Shane Lowry is about to tee off in the most important round of Golf in his life. The chance for an Irish winner on Irish Soil of a Major comes around as regularly as Halley’s Comet, but at the least the latter is almost guaranteed.
Lowry is an endearing, loveable character very much carved in the flat bog lands of Offaly. In the 1970’s, 80’s and 90’s and this small County in the heart of the island of Ireland competed and won All-Ireland Senior Football & Hurling Championships. To utilise the oft used cliché, they punched way above their weight. The Offaly hurlers were renowned for an unconventional approach to training. When asked about their preparations for an important game, one of the Offaly Hurling stars is reputed to have replied – “We’re taking this match awful seriously. We’re now training twice a week and some of the lads are off the beer since Tuesday”.
The Offaly footballers caused the shock of the century when they prevented the great Kerry team completing a five in a row in 1982. They were a tough, uncompromising team but this simplistic view masks the fact that they had some of the greatest footballers of their generation in their ranks. Anyone lucky enough to have seen Matt Connor in his prime will acknowledge that they were looking on a rare talent. These Offaly teams were also very tight knit groups, bands of brothers, cousins, neighbours. You can’t think of those halcyon days of Offaly sport and not think of the Dooleys, the Whelehans, the Furlongs, the Troys, the Connors, the Darbys and of course the Lowrys.
Despite the perception of Offaly teams as unconventional, devil may care, take it or leave it lads there always was this steely side to them, allied with great skill of course. Offaly Hurling was always admired for its style and speed, its footballers for their athleticism. One could argue that these glory days were fuelled by the steady employment given by the ESB and Bord na Mona at times when the rest of the country were taking the mailboat. That the footballers and hurlers in particular are nowhere near the heights they reached in the 70’s, 80’s and 90’s would seem to support this but nothing is ever as it seems.
The same could be said about Shane Lowry. Let’s face it he’s definitely no Gym bunny and he has that happy demeanour that the Aussies might describe as a ‘likeable larikin’. The New York times described him as “a bearded and bulky man with soft hands”. It is impossible not to like Shane Lowry – he is the “everyman” in the Irish sense, gregarious yet competitive, serious but self-deprecating, clever, composed, the sportsman strutting on the Global stage yet blending easily into the crowd at a hurling match in Thurles, just an ordinary guy doing extraordinary things. Joyce created the modern anti-hero in Stephen Dedalus and Lowry at times appears in the same mould. The great English Bard said “All the world’s a stage ….. and one man in his time plays many parts”. Today Lowry can play the super-hero and it will fit comfortably if it happens. It’s what the people want, there could hardly be a more popular champion.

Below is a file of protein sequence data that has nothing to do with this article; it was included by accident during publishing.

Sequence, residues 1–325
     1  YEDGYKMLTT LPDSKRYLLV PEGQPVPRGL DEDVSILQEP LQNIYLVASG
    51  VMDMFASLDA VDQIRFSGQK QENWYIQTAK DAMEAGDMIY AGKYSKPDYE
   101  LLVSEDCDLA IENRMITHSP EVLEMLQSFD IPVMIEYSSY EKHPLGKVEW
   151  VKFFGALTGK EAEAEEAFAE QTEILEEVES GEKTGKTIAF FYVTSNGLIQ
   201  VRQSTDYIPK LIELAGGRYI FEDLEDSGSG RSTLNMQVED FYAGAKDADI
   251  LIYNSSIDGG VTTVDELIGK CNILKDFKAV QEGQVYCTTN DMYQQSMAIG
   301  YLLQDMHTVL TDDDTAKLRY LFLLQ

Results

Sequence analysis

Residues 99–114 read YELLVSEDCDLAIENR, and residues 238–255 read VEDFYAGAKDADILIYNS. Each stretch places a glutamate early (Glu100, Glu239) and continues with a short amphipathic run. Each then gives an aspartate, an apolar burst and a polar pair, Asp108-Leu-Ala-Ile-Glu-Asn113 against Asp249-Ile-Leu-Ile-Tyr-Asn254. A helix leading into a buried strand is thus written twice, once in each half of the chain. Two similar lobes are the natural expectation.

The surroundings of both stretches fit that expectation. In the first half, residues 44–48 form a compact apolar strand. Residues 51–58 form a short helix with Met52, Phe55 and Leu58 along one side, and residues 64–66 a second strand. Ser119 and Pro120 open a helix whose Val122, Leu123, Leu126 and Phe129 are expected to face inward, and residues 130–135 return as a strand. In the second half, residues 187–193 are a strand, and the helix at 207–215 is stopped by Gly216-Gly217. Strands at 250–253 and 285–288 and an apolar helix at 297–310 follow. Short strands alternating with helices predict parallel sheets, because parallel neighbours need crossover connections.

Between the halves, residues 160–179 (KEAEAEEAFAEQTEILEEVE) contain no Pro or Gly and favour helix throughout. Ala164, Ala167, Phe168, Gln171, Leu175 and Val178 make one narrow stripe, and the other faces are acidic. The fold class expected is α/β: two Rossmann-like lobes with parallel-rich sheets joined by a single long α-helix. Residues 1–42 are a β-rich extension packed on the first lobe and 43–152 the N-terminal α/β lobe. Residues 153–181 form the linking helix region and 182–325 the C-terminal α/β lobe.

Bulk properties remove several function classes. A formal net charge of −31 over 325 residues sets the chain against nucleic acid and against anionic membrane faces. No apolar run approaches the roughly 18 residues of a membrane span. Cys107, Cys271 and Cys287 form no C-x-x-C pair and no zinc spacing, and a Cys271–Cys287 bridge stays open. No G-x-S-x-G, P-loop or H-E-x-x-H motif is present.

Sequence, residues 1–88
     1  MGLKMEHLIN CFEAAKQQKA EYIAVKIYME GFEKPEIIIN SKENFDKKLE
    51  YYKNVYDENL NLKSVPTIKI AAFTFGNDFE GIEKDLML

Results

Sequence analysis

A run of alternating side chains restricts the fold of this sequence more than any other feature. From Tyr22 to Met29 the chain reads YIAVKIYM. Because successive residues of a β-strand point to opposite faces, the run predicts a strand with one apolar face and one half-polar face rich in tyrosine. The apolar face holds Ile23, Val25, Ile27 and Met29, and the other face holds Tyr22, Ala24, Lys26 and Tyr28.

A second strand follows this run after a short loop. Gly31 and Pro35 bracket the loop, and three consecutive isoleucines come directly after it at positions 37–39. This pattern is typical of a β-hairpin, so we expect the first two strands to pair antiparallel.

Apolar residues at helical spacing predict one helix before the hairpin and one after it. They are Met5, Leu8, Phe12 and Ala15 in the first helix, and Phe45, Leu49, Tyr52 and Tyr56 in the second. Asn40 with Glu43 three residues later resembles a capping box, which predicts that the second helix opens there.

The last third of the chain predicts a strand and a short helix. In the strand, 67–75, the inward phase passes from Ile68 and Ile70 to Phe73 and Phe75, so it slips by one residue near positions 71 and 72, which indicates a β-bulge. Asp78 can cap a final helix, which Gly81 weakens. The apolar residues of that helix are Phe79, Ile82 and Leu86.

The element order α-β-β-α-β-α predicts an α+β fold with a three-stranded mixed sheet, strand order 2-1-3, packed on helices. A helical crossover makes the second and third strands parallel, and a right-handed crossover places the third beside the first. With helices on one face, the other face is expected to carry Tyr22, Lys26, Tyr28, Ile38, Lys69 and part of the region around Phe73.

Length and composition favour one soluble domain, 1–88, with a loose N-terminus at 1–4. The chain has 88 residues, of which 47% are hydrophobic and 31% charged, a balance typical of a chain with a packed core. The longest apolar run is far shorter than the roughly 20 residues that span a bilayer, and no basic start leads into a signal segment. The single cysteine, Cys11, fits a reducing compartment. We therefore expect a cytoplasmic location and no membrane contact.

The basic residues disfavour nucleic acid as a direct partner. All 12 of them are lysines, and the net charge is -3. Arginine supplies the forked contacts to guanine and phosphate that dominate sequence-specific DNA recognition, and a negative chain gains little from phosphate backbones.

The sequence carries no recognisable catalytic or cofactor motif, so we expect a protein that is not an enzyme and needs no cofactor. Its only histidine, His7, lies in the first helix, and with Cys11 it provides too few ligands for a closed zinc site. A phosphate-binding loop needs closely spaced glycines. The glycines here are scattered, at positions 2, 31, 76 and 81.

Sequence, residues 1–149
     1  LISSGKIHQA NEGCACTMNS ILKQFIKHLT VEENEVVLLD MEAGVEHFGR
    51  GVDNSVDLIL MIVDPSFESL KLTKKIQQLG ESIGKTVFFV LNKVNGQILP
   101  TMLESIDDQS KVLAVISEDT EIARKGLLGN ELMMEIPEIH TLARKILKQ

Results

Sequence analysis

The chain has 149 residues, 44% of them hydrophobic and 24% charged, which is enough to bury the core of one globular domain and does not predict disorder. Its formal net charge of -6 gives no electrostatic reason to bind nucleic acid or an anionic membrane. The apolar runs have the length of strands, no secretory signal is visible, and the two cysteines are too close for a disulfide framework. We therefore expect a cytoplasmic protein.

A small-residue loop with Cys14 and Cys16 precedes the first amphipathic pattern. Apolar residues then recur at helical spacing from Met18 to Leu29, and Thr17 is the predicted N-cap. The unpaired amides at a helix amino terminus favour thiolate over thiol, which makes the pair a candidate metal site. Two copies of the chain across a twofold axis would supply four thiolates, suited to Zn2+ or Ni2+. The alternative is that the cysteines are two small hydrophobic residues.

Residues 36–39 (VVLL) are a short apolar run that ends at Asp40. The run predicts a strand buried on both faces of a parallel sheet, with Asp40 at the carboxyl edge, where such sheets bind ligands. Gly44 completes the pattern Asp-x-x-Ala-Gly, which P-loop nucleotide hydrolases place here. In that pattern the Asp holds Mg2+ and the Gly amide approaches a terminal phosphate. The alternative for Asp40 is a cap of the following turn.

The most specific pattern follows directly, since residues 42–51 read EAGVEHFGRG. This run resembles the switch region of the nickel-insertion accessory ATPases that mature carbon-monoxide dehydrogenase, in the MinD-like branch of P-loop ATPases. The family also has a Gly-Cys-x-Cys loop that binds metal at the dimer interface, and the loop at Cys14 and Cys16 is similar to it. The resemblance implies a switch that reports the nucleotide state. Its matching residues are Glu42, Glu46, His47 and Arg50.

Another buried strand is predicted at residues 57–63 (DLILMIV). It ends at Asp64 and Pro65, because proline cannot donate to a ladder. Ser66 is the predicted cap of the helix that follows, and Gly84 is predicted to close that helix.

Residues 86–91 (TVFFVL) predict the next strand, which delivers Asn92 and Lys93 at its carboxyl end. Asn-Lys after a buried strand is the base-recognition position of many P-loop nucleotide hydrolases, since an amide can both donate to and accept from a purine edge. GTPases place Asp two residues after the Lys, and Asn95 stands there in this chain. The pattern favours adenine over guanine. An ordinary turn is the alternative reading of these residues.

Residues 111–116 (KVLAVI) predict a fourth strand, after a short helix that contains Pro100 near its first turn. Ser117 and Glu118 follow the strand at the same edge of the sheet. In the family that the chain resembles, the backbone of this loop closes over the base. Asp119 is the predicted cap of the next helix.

It was a wonderful achievement getting The Open to this Island for the first time in almost 70 years. Many expected Rory McIllroy to be the star and the best bet to have a home winner. That expectation ran aground and sank on the very first day. Lowry though was also sensing this could be his best chance to win a Major. He has played some extraordinary Golf and has the lowest ever Open score after 54 holes. He has played himself into a wonderful position.
I once saw Sean Lowry, uncle of Shane when he had transferred from his native Offaly to play football for Mayo. Sean already had three all-Ireland medals in his back pocket but was very much in the twilight of his career. That wet day in Carrick-on-Shannon in 1985 Lowry lined out at full forward, his debut was the talk of the place. The crowd was giving him lots of abuse behind the town-goal but Lowry was in his element. The insults and barbs just bounced off him. The more the crowd tried to rise him the bigger he seemed to get and he could have carried them all on his broad shoulders. Today in Portrush all Irish men and women will be willing Shane on to victory and hopefully he too can feed off the crowd. Go on the Faithful.